fees, as well as the revocation, cancellation, suspension and/or imposition of administrative sanctions against
petitioner.
Pursuant to Republic Act No. 8042, otherwise known as the Migrant Workers and Overseas Filipinos Act
of 1995, the case was transferred to the arbitration branch of the NLRC and assigned to Labor Arbiter
Canizares.
In a decision dated August 20, 1996, the labor arbiter ruled in favor of Osdana. The dispositive portion of
the decision follows:

Wherefore, the respondent is hereby ordered to pay the complainant US$2,499.00 as salaries for the
unexpired portion of the contract, and US$1,076.00 as unpaid salary and salary differential, or its
equivalent in Philippine Peso.

The respondent is likewise ordered to pay the complainant P50,000 moral damages, and P20,000
exemplary damages.

The respondent is further ordered to pay the complainant 10% of the monetary award as attorneys
fee.

Other claims are hereby dismissed for lack of sufficient evidence.

SO ORDERED.

Aggrieved by the labor arbiters decision, petitioner appealed to the NLRC, which affirmed the decision in
question on March 11, 1997. Petitioners motion for reconsideration was likewise denied by the NLRC in its
order dated April 28, 1997.
Hence, this petition for certiorari.
Petitioner alleges grave abuse of discretion on the part of the public respondents for the following reasons:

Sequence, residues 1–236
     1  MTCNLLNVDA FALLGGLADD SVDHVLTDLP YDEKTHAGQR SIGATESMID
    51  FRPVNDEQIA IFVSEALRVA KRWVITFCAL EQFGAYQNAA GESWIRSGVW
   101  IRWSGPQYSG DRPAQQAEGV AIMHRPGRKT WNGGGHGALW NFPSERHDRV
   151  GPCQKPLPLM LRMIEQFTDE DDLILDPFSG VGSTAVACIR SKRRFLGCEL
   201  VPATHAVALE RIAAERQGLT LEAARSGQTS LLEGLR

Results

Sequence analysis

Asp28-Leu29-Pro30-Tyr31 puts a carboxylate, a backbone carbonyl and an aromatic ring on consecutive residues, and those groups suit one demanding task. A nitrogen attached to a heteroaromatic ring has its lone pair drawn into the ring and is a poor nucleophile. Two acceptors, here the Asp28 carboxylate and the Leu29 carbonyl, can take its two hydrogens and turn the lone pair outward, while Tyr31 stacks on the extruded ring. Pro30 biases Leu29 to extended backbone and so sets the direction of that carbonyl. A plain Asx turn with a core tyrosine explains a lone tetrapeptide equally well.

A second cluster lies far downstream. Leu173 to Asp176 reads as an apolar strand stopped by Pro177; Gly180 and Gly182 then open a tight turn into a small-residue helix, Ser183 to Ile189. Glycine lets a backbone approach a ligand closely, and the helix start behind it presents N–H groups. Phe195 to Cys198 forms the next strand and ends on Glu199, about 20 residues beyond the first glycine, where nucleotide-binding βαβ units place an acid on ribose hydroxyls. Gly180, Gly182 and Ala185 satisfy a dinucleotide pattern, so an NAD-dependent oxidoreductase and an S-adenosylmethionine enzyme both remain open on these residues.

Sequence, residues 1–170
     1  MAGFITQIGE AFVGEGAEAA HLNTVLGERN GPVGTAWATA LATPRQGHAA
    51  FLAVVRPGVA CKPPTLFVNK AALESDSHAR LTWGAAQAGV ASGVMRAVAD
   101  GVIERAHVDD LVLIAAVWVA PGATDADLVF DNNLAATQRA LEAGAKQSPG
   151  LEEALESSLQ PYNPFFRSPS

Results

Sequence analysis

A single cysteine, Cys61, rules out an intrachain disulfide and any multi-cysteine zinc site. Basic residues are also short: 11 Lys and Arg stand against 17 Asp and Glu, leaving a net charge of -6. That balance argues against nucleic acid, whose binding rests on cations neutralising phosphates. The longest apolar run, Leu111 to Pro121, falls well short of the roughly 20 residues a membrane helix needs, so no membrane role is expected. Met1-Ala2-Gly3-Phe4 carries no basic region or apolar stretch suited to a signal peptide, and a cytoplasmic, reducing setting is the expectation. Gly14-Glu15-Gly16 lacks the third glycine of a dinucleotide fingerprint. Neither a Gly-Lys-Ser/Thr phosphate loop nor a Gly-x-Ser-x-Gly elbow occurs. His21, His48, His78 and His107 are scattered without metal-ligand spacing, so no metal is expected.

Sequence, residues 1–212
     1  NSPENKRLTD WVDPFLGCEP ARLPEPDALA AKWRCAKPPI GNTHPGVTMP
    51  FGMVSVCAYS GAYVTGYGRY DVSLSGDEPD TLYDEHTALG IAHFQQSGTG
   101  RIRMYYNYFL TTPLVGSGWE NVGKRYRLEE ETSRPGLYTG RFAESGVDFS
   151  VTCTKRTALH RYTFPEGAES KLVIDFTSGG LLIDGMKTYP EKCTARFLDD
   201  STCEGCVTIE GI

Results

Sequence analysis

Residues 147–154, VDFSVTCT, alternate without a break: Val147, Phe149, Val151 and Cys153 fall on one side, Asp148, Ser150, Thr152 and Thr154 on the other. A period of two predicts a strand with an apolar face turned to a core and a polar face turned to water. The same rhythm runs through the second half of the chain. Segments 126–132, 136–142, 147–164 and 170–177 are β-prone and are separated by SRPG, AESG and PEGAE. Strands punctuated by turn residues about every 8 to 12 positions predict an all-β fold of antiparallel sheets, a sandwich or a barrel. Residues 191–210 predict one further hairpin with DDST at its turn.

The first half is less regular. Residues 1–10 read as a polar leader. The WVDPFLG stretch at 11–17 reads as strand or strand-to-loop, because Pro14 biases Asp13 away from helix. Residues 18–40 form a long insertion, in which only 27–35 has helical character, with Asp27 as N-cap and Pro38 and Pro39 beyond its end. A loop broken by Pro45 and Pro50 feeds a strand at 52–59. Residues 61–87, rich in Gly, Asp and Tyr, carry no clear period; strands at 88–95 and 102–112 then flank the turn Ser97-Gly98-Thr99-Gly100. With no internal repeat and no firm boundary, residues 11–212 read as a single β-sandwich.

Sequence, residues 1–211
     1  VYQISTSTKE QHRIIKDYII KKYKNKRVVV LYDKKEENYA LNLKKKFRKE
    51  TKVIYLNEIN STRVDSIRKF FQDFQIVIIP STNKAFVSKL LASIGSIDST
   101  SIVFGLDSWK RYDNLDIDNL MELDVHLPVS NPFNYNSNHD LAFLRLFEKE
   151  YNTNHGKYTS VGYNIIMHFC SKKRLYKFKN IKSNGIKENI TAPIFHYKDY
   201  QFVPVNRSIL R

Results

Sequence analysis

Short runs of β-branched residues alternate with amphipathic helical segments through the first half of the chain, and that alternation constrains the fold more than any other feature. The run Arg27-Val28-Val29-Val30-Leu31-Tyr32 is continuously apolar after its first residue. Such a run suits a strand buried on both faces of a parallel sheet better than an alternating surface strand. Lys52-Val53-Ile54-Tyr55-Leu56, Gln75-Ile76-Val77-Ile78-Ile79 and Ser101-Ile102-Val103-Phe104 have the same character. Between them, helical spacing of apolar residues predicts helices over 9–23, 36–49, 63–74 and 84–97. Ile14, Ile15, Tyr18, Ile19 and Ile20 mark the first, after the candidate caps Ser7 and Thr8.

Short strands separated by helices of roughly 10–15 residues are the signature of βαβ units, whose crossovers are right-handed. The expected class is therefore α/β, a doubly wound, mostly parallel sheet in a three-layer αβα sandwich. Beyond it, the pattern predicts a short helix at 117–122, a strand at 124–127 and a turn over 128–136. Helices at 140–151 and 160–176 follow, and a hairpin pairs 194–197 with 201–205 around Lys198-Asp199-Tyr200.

(a) ruling in favor of Osdana even if there was no factual or legal basis for the award and, (b) holding petitioner
solely liable for her claims despite the fact that its liability is joint and several with its principal, GCC.
At the outset, petitioner argues that public respondent Labor Arbiter gravely abused his discretion when he
rendered the questioned decision dated August 20, 1996 without stating the facts and the law where he derived
his conclusions.[7] In support of this argument, petitioner cites the first paragraph of Article VIII, Section 14 of
the Constitution: No decision shall be rendered by any court without expressing therein clearly and distinctly
the facts and the law on which it is based.
On this point, it is enough to note that the decisions of both the labor arbiter and the NLRC were based
mainly on the facts and allegations in Osdanas position paper and supporting documents. We find these
sufficient to constitute substantial evidence to support the questioned decisions. Generally, findings of facts of
quasi-judicial agencies like the NLRC are accorded great respect and, at times, even finality if supported by